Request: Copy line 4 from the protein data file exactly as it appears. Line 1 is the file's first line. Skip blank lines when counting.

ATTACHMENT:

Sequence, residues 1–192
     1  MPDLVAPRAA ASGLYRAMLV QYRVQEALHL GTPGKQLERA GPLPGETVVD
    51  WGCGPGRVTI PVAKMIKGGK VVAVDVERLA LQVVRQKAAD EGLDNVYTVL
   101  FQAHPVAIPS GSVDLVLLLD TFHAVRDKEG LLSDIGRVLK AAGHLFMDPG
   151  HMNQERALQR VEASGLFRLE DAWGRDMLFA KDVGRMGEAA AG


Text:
   101  FQAHPVAIPS GSVDLVLLLD TFHAVRDKEG LLSDIGRVLK AAGHLFMDPG